Up Your Exposure

      Snow is fundamentally difficult to photograph accurately. I see snow and know that it is white; you see snow and know that it is white; but your camera sees snow and does not know that snow is white. Your camera and its sensor see snow and know that it is brighter than the 'expected' exposure. It responds (assuming you are shooting in any mode other than manual) by taking a photograph that darkens the snow to match the average exposure of an image. (Confused about exposure? Take a moment to catch up here by reading All about Exposure and More about Exposure: how to fix common exposure problems.)

      snow, snow photography, photography, how to, winter photography
      Here the snow looks much darker than it did.

      If you are not ready to make the jump to shooting in full manual mode, there is an easy way to tell your camera that you want your snow to turn out bright and white: exposure compensation. The exposure compensation scale, available on DSLR as well as many point-and-shoot and phone cameras, allows you to 'tell' your camera that you want your images brighter (positive) or darker (negative) than the camera's default expectation. For most snowy situations, you should adjust the exposure compensation on your camera to between +1/2 and +1 full stop of exposure. (Depending on your camera settings, your exposure scale may be in thirds or half units, called stops.) Many DSLR cameras also have the option to 'bracket' your exposure or take three or more photographs in a row at different places along the exposure compensation scale. When shooting snowy scenes, I often set my camera to shoot three bracketed images at 0, +1, and +2 stops.


      You want to strike a balance between brightening up the snow to the white that it appeared to your eyes without losing its structure and definition. If your snow becomes too bright (overexposed), then it becomes a featureless, white mass rather than an identifiable snowscape. Bracketing your shots gives you the advantage of choosing your favorite in the sequence home on your computer, rather than relying on your LCD screen while you are out shooting. In the example shots above, the normal exposure (left) seems too dark, while the +2 exposure (right) is too bright, leaving the +1 exposure as a good, balanced shot.

      Follow the Snow

      Memorable snow photographs require patience and timing. While you can photograph snow lying on the ground on nearly any given day, you can only photograph pristine white snow just as or just after it has finished falling. The glorious snow that sticks to trees and transforms everything into a winter wonderland does not last long after the sun and the wind catch up with it.


      Getting these types of snow shots requires a willingness to get out and start shooting as soon as the snow has finished falling. Make sure that you are prepared for snow-covered roads and trails and prepare yourself accordingly.

      snow, snow photography, photography, how to, winter photography, falling snow

      You can also be daring and capture the snow while it is still falling. Longer shutter speeds will blur falling snow into bright streaks, while shorter shutter speeds will show only spots of snow. If you want the large, falling snow effect, use your flash. The flash will illuminate nearby falling snow and show it off better than without a flash.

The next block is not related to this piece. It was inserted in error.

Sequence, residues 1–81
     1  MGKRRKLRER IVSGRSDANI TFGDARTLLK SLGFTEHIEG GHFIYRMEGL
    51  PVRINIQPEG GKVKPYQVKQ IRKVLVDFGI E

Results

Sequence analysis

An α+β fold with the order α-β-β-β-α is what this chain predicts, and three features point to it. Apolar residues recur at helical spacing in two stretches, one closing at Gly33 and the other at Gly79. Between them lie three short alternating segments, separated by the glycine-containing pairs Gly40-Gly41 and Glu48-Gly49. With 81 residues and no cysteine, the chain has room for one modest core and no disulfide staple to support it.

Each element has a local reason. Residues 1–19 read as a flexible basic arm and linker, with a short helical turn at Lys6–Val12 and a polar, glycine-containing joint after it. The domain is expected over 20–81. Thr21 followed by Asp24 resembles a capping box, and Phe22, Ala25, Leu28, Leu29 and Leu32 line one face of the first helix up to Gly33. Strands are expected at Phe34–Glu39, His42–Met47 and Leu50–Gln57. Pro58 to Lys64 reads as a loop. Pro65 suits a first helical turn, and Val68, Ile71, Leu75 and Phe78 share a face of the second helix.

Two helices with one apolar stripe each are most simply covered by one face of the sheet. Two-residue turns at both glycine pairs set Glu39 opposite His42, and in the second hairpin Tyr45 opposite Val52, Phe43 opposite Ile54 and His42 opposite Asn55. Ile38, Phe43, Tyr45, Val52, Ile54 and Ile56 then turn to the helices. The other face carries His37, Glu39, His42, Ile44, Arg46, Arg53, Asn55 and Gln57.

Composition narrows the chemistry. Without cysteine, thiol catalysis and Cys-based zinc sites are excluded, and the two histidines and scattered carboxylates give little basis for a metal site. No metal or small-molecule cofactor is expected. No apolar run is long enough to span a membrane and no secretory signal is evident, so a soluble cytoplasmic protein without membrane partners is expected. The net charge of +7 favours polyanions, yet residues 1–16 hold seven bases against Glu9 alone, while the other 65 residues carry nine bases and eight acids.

If you are going to be outdoors photographing falling snow, you want to take some basic precautions to keep your camera safe and dry. The simplest method is to use a gallon plastic bag and cut out one corner of the bag. Stick your lens through this cut out and use your lens hood to secure the bag around the camera and lens.
      http://www.boostyourphotography.com/2014/01/snow.html
      Simple gallon bag as snow protection for your camera.

      Many photographers also recommend bringing another (intact) plastic bag with you when photographing out in the cold. When you are finished shooting, put your camera into the bag, and close it securely while you are still outside. Then, when you come in and your camera slowly adjusts to room temperature, any condensation will occur on the outside of the bag, rather than inside your camera.

      Follow the Light

      As with any subject, the intensity and direction of the light can have a big impact on your snow photographs. Backlight will bring shine and sparkle to newer snow, while early morning or late afternoon sun will bring long, dramatic shadows and possible silhouettes. Consider the 'look' you want in your snow photographs and choose a time of day that will match that intention.


      Snow can also add drama to your sunrise and sunset shots, as the white snow will often reflect or take on some of the tones of the surrounding sky. And speaking of the sky …

      snow, snow photography, photography, how to, winter photography, sunrise,
      Four-shot panorama of sunrise over the skating rink.

      Don't Forget the Sky

      The sky can be a critical component of winter snow photographs. There is a huge difference in feeling and emotion between a bright, blue sky and an overcast, white one. For one, it is much easier to get correct exposures when shooting snow against a bright blue sky. An overcast sky also means that you will need wider apertures or longer shutter speeds to compensate for the reduced available light.


      When shooting snow under blue skies, you may want to consider adding a polarizer to your camera lens to further emphasize the bright blues in the sky. (Read more about how to improve your photography by using a polarizer.) Remember when using a polarizer that you will lose a stop or more of light and may need longer shutter speeds (or wider apertures) to compensate.


      Snow Photography Summary

      Take these few simple steps to dramatically improve your snow photographs. Start by nailing the exposure: use exposure compensation to deliberately overexposure your image slightly (positive values) to get the pure, white snow that you saw with your eyes. Get out there and capture the snow while it is still falling or soon after it has stopped, in order to capture pure, pristine snow fields and heavily laden trees. Think about the light and the time of day in order to get the shot you want, and remember the sky and use it to your advantage.

      Tomorrow wraps up our 12 Days of DSLR!